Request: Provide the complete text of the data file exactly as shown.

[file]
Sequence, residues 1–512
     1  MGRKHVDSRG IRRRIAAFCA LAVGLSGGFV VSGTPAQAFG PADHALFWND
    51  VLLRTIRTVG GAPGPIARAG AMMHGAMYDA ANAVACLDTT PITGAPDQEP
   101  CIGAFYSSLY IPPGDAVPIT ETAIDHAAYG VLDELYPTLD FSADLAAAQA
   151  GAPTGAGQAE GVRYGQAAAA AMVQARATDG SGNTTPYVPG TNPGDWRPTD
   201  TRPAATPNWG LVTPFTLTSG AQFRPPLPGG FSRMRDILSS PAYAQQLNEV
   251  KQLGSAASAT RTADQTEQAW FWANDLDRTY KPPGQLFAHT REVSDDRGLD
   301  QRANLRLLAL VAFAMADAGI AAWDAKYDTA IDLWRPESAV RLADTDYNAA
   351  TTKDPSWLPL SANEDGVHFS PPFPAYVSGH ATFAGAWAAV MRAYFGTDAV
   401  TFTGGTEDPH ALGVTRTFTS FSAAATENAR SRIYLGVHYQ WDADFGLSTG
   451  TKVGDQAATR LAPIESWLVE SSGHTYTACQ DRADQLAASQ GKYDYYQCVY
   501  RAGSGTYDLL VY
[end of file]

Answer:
Sequence, residues 1–512
     1  MGRKHVDSRG IRRRIAAFCA LAVGLSGGFV VSGTPAQAFG PADHALFWND
    51  VLLRTIRTVG GAPGPIARAG AMMHGAMYDA ANAVACLDTT PITGAPDQEP
   101  CIGAFYSSLY IPPGDAVPIT ETAIDHAAYG VLDELYPTLD FSADLAAAQA
   151  GAPTGAGQAE GVRYGQAAAA AMVQARATDG SGNTTPYVPG TNPGDWRPTD
   201  TRPAATPNWG LVTPFTLTSG AQFRPPLPGG FSRMRDILSS PAYAQQLNEV
   251  KQLGSAASAT RTADQTEQAW FWANDLDRTY KPPGQLFAHT REVSDDRGLD
   301  QRANLRLLAL VAFAMADAGI AAWDAKYDTA IDLWRPESAV RLADTDYNAA
   351  TTKDPSWLPL SANEDGVHFS PPFPAYVSGH ATFAGAWAAV MRAYFGTDAV
   401  TFTGGTEDPH ALGVTRTFTS FSAAATENAR SRIYLGVHYQ WDADFGLSTG
   451  TKVGDQAATR LAPIESWLVE SSGHTYTACQ DRADQLAASQ GKYDYYQCVY
   501  RAGSGTYDLL VY